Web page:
• If you are citizen of an European Union member nation, you may not use this service unless you are at least 16 years old.

  • You already know Dokkio is an AI-powered assistant to organize & manage your digital files & messages. Very soon, Dokkio will support Outlook as well as One Drive. Check it out today!



Page history last edited by Peter Tipton 13 years, 8 months ago

Who inherited Herman Reynolds' pottery business?

page prepared by Peter Tipton 5 Jan 2008


Borderware Potteries continued to expand in the 17th century

For the past year I have been mulling over who might have inherited Herman Reynolds' pottery business when he died in 1609. The borderware potteries had expanded in the last quarter of the 1500s both in volume of output and in variety of products and designs, and continued to grow in output for at least the next half century. From the documentary records it seems that production continued in Farnborough, continued to expand in Cove, but also spread eastwards into Surrey, reaching as far as Addlestone. In 1609 the wool trade in Farnham was collapsing, so more people were likely to want to join the expanding Borderware potteries as a secure source of income. A family with a key position in the pottery business would not have thought it a good time to have relinquished control.


Herman Reynolds' heirs

It appears that Herman Reynolds had no sons but had two daughters named in his will . Alice and Grace were married to two different men named Nicholas Watts. Grace was married to Nicholas Watts of Bramshott who named himself a yeoman and appeared to have been involved only in husbandry in his will in 1636. In his own will Herman Reynolds mentioned that he had nine grandchildren. Thomas Reynolds ran a pottery in Cove but I have as yet no firm proof that Herman and Thomas were related.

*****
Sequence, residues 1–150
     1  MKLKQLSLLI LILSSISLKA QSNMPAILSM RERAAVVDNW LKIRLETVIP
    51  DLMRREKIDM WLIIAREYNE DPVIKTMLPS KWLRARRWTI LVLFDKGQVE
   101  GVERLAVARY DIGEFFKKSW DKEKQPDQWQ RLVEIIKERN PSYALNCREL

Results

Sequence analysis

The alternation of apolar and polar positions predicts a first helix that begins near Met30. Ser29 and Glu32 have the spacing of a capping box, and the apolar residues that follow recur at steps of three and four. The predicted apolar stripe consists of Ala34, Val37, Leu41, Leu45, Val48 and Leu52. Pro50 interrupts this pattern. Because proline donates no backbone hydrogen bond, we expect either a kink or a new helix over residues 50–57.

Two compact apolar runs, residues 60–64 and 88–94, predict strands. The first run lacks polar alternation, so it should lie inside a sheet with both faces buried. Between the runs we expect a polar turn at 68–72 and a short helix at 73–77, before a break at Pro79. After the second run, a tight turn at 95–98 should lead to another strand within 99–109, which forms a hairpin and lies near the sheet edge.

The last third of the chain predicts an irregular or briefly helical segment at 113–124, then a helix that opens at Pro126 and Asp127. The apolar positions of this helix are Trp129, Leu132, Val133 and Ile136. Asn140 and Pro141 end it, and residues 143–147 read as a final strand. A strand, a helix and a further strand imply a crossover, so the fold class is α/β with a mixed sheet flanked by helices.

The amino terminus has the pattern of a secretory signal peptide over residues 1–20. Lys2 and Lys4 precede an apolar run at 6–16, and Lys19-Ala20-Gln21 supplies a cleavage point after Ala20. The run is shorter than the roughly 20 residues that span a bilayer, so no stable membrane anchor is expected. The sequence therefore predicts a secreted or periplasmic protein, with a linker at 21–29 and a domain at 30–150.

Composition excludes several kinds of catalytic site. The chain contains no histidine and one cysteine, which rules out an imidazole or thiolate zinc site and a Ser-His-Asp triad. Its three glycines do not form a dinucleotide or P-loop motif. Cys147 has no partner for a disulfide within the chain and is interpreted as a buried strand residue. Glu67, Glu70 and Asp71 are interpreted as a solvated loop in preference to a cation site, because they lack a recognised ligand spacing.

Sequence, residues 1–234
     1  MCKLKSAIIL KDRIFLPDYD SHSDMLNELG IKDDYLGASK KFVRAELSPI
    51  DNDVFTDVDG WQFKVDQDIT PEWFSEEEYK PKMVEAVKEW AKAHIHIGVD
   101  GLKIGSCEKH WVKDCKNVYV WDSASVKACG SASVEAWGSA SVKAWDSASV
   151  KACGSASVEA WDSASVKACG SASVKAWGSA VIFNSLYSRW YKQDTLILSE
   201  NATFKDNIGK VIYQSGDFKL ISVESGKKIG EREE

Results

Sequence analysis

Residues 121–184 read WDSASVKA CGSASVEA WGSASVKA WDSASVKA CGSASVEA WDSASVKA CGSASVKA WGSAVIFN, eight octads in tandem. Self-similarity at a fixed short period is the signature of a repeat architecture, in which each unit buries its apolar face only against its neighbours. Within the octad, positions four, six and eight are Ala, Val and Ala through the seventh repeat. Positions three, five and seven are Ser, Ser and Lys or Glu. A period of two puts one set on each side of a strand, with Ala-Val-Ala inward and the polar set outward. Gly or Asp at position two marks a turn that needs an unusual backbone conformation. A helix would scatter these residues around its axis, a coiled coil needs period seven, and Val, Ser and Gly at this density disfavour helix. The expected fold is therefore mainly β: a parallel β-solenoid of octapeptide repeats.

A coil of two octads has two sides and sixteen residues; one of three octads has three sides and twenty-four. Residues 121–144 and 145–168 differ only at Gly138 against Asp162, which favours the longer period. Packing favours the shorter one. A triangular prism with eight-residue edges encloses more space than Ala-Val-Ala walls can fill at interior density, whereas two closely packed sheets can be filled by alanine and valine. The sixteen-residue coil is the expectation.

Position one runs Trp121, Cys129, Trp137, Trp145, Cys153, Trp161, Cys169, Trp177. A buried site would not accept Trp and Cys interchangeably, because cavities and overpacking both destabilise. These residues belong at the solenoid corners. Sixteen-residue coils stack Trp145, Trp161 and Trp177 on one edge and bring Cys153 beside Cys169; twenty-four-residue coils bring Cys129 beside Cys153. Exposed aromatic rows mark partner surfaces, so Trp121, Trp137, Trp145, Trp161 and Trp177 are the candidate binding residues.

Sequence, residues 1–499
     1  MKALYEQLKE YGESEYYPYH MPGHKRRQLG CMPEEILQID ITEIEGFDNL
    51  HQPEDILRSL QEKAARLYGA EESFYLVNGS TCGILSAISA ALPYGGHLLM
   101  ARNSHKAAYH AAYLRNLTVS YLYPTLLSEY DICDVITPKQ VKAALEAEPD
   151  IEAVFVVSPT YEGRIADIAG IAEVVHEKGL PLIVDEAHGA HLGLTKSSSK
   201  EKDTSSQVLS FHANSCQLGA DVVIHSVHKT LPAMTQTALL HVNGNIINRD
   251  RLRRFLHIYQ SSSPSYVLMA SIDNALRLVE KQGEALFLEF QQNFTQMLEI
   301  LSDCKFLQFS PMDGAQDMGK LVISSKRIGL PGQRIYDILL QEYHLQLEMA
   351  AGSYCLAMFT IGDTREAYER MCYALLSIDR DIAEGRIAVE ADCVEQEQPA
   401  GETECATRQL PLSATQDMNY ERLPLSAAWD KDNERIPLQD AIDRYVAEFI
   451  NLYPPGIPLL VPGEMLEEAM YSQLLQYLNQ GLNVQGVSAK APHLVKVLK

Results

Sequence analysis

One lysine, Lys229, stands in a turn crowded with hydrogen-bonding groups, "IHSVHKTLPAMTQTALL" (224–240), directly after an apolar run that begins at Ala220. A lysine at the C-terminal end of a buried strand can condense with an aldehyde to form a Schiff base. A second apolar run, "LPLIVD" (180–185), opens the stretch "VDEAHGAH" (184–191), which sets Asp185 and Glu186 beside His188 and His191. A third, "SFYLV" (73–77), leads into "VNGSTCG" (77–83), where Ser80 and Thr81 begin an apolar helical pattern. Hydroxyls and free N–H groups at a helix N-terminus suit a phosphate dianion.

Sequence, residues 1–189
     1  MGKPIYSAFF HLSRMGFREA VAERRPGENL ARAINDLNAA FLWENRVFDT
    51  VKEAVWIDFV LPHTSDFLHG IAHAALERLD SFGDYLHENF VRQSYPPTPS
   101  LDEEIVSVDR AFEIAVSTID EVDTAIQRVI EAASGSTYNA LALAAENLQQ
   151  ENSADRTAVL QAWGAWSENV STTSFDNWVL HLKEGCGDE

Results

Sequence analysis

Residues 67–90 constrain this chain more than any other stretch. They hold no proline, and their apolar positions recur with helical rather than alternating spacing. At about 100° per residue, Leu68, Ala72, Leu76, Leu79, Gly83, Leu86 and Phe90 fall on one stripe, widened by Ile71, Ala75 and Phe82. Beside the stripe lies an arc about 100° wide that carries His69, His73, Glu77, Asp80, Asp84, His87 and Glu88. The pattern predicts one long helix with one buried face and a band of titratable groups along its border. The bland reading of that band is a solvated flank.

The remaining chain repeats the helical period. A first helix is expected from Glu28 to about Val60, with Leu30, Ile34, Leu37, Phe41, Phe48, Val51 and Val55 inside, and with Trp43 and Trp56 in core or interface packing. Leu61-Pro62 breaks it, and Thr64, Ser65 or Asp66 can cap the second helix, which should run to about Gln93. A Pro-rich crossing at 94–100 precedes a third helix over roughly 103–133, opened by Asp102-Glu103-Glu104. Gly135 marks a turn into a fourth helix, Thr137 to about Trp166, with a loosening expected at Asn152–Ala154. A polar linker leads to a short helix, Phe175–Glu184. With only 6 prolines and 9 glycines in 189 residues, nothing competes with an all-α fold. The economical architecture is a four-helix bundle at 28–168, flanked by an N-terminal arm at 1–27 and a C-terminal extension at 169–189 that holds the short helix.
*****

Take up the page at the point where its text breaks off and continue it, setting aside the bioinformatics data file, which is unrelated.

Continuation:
Passing on the Pottery Business

There are four other ways in which Herman Reynolds could have passed on his business. He could have:

  • passed skills and customers to Thomas Reynolds who set up in Cove;
  • sold his busines for cash to distribute the cash to his daughters and grandchildren;
  • passed it to his wife Margaret, who could have carried on the business, and perhaps married again;
  • given the business (before Herman died)  to one of his male grandchildren, or in trust for them in order that the grandson could carried it on thereafter.